Keeping community at the centre of a website redesign

Portable was commissioned by the Banyule City Council to redesign their website using co-design workshops to determine the identity that the Council wanted to project and their new visual identity, the information architecture needed, and a comprehensive content strategy for the site.

Banyule City Council serves 21 suburbs in Melbourne’s northeast, from Ivanhoe just seven kilometres from the CBD to Yallambie on the outskirts of the city. The Council recognised the need to update its website to improve content structures, functionality and to better serve user needs.

After conducting their own review of the site, Portable was engaged to re-design the site. We conducted a series of workshops with Council staff to define the identity the Council wanted to project, surveyed residents and then used that information to design the information architecture for the site and a new visual identity. We also developed a comprehensive content strategy to use across the council's website. 

The expertise used in this project included:


Co-design

We began by conducting three content strategy workshops with staff; the first with the communications team and the other two with subject experts from across the council’s various areas of activity – including roads, rubbish collection, planning, facilities. The workshops helped develop an alignment across core areas of the ambition for the new design. We also ran a series workshops with members of the public in Banyule, to improve understanding of their needs and navigation behaviour. The workshops reflected the area’s diverse socio-economic mix. This was followed with an invitation for all residents to take part in an online survey about the website.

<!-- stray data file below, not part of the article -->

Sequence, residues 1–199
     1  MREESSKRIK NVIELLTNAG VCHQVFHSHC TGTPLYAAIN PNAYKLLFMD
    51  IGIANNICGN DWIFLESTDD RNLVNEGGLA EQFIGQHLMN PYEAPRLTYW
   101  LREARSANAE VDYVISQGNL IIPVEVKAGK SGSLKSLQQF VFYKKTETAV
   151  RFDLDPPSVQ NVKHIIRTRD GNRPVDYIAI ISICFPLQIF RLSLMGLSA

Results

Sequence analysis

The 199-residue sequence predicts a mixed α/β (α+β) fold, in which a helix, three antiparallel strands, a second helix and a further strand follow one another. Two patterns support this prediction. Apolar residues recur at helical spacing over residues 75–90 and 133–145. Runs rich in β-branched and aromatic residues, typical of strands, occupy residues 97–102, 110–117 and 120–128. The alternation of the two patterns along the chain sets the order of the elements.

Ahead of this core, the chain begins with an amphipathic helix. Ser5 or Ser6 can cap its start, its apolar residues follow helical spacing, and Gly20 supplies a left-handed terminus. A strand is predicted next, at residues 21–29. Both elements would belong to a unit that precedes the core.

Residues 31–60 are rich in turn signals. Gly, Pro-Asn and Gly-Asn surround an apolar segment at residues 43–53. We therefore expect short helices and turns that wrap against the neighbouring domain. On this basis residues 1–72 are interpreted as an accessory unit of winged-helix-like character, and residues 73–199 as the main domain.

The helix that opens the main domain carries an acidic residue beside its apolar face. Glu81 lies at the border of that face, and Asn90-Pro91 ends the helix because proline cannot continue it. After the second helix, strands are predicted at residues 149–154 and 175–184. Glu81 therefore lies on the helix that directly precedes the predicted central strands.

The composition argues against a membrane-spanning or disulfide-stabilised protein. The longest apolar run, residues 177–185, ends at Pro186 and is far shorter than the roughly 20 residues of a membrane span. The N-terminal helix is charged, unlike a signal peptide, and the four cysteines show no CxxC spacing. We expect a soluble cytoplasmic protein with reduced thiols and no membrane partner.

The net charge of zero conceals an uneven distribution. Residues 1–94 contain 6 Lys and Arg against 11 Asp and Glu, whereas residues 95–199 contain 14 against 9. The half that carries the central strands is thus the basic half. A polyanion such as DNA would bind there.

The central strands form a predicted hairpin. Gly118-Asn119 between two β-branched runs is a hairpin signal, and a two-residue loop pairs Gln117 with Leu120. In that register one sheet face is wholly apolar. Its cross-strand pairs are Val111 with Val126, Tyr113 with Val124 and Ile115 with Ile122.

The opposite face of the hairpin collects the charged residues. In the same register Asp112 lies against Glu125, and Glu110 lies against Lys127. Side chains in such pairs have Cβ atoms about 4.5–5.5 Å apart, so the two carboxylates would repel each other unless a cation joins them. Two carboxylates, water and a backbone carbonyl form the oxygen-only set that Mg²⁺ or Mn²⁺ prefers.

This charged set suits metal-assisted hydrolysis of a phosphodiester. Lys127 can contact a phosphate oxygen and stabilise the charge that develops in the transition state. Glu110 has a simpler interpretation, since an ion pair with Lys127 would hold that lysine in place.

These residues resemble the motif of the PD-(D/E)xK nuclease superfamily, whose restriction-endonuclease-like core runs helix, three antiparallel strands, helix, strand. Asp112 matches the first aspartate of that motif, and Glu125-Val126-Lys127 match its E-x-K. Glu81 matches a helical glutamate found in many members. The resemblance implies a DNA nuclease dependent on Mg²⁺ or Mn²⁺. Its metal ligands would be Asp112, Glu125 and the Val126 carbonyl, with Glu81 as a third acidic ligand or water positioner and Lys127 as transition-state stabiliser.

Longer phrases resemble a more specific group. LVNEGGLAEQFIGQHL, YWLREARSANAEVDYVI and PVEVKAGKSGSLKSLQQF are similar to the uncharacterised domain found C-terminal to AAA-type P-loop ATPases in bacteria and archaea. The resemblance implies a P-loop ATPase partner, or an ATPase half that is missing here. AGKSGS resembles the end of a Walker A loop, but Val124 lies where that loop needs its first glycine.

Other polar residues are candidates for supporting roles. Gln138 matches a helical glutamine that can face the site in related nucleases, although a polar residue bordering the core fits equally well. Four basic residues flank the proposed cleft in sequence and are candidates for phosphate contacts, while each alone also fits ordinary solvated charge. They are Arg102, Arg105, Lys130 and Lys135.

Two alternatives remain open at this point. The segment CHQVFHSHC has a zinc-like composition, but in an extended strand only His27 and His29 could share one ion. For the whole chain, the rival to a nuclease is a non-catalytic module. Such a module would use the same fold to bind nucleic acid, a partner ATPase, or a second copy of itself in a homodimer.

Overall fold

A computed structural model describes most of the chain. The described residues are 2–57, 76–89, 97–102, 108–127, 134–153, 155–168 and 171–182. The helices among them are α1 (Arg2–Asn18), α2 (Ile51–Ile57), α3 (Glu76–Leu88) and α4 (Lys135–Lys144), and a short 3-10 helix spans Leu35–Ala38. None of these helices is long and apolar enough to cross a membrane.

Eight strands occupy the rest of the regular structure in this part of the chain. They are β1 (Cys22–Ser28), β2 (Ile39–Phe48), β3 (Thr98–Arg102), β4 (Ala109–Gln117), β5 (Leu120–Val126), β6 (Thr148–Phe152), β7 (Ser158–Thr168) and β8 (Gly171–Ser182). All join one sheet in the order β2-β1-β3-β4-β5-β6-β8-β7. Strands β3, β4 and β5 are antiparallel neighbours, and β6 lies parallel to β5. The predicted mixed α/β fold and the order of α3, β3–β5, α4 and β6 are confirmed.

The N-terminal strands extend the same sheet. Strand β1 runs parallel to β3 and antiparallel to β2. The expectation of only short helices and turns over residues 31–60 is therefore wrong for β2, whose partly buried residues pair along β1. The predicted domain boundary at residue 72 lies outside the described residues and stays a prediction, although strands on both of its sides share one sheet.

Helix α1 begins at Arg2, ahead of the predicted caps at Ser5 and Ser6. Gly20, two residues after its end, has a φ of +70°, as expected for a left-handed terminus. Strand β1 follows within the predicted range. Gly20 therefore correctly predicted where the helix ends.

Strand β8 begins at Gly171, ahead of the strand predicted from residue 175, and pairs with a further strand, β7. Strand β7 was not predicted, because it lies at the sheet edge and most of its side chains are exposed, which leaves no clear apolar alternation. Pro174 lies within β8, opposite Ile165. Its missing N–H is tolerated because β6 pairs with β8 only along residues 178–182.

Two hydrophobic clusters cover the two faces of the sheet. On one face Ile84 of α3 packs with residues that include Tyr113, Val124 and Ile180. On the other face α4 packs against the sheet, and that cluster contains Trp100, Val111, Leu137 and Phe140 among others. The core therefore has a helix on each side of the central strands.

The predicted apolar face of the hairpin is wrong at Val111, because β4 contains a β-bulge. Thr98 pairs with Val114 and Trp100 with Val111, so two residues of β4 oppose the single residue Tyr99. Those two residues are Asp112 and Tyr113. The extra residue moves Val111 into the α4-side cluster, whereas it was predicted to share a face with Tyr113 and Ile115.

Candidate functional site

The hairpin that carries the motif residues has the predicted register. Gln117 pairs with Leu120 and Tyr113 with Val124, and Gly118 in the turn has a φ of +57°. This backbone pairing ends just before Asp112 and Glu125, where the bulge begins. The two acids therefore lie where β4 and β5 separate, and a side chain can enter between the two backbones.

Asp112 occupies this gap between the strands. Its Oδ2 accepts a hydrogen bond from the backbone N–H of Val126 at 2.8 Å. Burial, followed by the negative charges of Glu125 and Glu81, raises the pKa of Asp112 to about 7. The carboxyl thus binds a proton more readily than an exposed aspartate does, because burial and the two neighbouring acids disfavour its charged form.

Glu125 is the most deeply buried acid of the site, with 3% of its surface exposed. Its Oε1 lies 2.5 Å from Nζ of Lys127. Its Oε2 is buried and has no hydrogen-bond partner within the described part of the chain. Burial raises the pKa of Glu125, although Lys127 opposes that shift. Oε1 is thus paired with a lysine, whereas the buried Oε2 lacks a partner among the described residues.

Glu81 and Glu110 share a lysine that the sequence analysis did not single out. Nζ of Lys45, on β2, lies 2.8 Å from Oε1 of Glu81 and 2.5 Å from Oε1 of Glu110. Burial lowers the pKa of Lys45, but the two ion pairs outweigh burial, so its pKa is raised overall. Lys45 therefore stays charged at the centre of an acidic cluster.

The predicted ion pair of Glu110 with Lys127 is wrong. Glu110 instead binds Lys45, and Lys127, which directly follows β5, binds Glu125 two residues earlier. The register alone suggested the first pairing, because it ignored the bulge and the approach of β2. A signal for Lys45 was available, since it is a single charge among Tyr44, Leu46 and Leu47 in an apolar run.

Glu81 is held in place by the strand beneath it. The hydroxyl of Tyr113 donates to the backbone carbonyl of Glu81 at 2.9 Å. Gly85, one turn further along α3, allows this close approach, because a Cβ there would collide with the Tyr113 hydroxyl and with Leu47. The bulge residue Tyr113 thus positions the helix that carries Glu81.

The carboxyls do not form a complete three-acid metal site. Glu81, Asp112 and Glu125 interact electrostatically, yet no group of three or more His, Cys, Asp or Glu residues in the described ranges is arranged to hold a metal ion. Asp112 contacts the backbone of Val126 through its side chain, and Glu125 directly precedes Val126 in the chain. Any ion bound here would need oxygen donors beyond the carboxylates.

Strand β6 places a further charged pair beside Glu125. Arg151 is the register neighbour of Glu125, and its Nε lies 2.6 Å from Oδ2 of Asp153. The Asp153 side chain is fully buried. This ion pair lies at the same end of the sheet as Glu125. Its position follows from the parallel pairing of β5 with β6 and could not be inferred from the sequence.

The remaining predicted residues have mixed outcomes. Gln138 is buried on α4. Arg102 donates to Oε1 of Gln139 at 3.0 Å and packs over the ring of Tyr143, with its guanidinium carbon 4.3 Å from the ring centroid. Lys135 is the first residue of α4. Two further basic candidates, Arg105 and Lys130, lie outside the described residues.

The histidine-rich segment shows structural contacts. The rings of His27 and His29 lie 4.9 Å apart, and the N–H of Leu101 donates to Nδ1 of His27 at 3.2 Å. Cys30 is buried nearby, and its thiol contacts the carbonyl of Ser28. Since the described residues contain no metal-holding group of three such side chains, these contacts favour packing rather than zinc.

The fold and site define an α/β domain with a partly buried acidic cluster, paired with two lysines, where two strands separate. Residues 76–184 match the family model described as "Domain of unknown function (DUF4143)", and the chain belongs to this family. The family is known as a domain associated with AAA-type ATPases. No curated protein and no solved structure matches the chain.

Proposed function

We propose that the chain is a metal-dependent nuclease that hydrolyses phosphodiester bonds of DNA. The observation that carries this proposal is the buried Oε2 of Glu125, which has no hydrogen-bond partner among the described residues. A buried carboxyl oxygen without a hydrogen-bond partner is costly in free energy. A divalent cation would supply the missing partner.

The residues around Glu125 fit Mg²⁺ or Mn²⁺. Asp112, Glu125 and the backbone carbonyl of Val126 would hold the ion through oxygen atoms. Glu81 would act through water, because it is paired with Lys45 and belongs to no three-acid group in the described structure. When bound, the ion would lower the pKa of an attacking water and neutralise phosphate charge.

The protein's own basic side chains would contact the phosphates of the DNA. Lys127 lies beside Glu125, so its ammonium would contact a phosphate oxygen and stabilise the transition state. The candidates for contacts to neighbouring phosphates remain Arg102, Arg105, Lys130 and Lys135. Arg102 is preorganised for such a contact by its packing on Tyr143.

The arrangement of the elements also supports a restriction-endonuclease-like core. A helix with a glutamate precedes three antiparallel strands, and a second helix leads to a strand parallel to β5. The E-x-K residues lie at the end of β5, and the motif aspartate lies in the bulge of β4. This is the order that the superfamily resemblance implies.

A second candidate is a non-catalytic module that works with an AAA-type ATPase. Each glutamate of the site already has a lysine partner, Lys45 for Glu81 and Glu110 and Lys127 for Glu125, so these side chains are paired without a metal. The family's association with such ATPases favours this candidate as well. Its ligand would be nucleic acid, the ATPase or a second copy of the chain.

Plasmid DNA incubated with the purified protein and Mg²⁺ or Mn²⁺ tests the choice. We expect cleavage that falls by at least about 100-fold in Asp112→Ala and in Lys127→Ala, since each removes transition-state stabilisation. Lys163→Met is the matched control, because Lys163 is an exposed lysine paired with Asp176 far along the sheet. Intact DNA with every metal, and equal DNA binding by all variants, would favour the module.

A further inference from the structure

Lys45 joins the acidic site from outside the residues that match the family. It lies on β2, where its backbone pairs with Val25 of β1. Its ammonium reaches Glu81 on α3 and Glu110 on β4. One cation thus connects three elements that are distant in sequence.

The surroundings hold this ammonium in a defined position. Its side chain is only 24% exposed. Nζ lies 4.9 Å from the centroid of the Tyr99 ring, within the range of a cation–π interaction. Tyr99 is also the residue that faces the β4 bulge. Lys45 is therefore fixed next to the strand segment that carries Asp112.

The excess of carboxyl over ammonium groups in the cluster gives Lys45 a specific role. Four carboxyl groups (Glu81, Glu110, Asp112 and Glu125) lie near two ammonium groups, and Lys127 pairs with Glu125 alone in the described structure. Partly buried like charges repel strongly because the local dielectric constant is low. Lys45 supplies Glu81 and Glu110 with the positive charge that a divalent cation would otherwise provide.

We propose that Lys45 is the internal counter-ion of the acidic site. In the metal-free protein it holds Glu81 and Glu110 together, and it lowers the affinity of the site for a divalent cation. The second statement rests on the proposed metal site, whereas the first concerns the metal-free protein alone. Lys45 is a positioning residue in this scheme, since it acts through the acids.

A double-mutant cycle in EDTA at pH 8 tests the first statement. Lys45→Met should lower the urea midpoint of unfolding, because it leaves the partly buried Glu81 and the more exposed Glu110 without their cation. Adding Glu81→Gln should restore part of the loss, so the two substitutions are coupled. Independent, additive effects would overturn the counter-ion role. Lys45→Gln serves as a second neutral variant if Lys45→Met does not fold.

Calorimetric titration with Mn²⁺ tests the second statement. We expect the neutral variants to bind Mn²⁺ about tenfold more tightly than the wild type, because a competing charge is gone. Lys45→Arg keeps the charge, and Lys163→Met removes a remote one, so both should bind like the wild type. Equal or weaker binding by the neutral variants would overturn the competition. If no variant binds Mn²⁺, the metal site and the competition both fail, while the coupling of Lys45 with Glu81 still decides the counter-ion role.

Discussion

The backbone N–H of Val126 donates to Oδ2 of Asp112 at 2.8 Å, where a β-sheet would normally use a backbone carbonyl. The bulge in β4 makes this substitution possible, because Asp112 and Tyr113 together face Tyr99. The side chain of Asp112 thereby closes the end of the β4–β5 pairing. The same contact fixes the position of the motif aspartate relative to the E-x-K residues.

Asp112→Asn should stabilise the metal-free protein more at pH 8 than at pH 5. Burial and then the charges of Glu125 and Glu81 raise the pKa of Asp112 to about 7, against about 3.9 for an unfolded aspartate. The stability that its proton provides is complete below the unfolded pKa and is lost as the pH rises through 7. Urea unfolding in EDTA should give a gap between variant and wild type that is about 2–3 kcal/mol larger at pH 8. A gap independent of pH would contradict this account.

Web Design

Banyule City Council uses the Open Cities content management system, which provides a template specific to councils. All our work had to conform to the limitations of the Open Cities CMS, particularly the development of a new information architecture and the new visual design. We used Tree Jack to help evaluate the findability of topics on the site and to refine the information architecture. We analysed responses from 186 people. Through this we were able to validate the new IA (information architecture) and ensure that it reflected user needs, improved navigation and functionality and still conformed with the Open Cities CMS.

Content Strategy

We developed and wrote a new content strategy based on all our learnings. It supports a broader change management project and covers the lifespan of all content from commissioning through to the approvals and publishing processes. It puts users first, instead of focusing on the administration of Council or stakeholder priorities. The strategy includes reducing the number of websites and social media accounts operated by Council and improving the active management of those that are retained. It’s also guiding the work of an independent copywriter who is re-versioning all content on the site. The strategy is designed to be updated as user needs change. 

Outcomes and benefits:

  • An information architecture that reflects user needs, improves navigation and functionality and still conforms with the Open Cities CMS.
  • A new visual identity that captures the Council’s commitment to putting the needs of residents first and reflects a broader change management process.
  • A comprehensive content strategy that adds value to the work of Council staff and helps them to prioritise content. It can be easily maintained, updated and amended as user needs change. 

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